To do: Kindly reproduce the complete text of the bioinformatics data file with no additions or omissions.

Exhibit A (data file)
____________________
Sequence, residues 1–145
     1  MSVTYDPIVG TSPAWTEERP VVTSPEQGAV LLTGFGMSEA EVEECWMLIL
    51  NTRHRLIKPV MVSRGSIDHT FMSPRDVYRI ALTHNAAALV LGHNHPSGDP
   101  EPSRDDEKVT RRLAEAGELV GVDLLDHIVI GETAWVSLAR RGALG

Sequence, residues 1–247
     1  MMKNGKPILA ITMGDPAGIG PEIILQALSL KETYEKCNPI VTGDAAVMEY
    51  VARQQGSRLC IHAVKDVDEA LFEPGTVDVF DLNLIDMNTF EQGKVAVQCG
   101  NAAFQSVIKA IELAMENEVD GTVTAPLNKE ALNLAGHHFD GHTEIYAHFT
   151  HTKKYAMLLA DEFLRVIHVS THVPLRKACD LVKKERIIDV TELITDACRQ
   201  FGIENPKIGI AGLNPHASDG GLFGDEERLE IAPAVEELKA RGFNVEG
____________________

Sequence, residues 1–145
     1  MSVTYDPIVG TSPAWTEERP VVTSPEQGAV LLTGFGMSEA EVEECWMLIL
    51  NTRHRLIKPV MVSRGSIDHT FMSPRDVYRI ALTHNAAALV LGHNHPSGDP
   101  EPSRDDEKVT RRLAEAGELV GVDLLDHIVI GETAWVSLAR RGALG

Sequence, residues 1–247
     1  MMKNGKPILA ITMGDPAGIG PEIILQALSL KETYEKCNPI VTGDAAVMEY
    51  VARQQGSRLC IHAVKDVDEA LFEPGTVDVF DLNLIDMNTF EQGKVAVQCG
   101  NAAFQSVIKA IELAMENEVD GTVTAPLNKE ALNLAGHHFD GHTEIYAHFT
   151  HTKKYAMLLA DEFLRVIHVS THVPLRKACD LVKKERIIDV TELITDACRQ
   201  FGIENPKIGI AGLNPHASDG GLFGDEERLE IAPAVEELKA RGFNVEG